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Go See: Early Celebrity photos and Photojournalism at the Bodleian Libraries, Oxford

Image: Artist unknown (England), Portrait of a man (resembling Jabez Hogg) operating a daguerreotype camera, c. 1845 ©Bodleian Libraries.

Well, here’s an excuse for PAN to visit Oxford again – the Bodleian Libraries just invited us to preview their new exhibition which will show an interesting selection of images from the collection. ‘A New Power: Photography and Britain 1800-1850‘ is running 1 February – 7May 2023, at the Weston Library, home of the Bodleian’s special collections.

They say:A New Power: Photography and Britain 1800-1850 explores the early history of photography, starting with the invention of the medium and the earliest dissemination of photographic images in Britain and ending with the famous Great Exhibition of 1851. It examines the broad range of uses that photography would quickly come to fill, from documenting the invention of celebrity to the very first ‘travel photography’ and how this helped to shore up colonial sensibilities. By showing how photography intersected with all aspects of a nascent modernity, A New Power reveals photography’s crucial role in making Britain the society it is today.”

Exhibition Highlights include:

• The race to be the first to invent photography: Daguerreotypes made by the first British photographic studio, the studio of William Edward Kilburn, and other significant items related to this groundbreaking invention, depict the race to commercialise photography that was rampant in Britain and beyond in the first half of the 19th century.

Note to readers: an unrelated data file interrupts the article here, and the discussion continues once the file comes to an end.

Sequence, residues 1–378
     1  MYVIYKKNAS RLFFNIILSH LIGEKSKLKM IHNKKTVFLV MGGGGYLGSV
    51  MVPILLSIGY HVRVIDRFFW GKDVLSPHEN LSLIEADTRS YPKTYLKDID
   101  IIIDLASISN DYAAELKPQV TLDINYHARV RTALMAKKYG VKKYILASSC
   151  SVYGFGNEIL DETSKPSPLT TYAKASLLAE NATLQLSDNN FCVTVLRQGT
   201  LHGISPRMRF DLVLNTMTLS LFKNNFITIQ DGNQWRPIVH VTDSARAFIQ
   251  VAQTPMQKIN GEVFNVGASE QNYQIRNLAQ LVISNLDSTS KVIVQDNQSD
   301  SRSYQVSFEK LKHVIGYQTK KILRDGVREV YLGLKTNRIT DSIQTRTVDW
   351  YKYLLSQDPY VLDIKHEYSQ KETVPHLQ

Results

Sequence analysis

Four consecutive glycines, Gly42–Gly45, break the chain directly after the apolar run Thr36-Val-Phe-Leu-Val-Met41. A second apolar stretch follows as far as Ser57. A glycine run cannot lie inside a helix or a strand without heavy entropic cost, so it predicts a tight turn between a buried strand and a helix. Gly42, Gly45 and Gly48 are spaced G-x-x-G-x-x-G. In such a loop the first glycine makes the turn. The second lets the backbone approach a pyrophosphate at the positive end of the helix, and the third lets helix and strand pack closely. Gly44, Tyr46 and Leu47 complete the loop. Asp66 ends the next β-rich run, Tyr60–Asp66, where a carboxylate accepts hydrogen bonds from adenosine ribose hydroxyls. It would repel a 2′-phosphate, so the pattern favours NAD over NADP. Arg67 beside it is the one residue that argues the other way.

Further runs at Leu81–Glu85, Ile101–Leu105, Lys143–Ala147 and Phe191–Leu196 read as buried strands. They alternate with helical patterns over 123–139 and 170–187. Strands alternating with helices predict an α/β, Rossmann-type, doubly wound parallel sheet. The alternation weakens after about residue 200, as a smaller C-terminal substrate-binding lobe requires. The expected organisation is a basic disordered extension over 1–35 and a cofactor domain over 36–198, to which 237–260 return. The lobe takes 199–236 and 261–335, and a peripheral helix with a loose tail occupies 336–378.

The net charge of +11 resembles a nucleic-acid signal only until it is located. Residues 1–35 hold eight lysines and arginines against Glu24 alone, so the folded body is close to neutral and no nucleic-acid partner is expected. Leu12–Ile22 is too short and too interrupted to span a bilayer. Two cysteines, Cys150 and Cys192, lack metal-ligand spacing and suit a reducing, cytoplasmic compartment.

• The history of celebrity: Featuring a number of early examples of society’s obsession with the images of famous people:
Among the most interesting items on display: a book of photography of famous actors of the period, which includes a photograph of an African American actor who performed Shakespeare and would give anti-slavery speeches after his performances.
A daguerreotype portrait of Queen Victoria and her grandchildren, from which the Queen wiped her face off.
A photo of the Duke of Wellington which proliferated across the British Empire.

• The rise of photojournalism: Exploring how the technique of woodblock engraving to reproduce an accurate image that could then be printed onto illustrated newspapers, transformed journalism, making daguerreotypes a mark of authenticity in the newspaper industry.

Plan your visit here – See you there!

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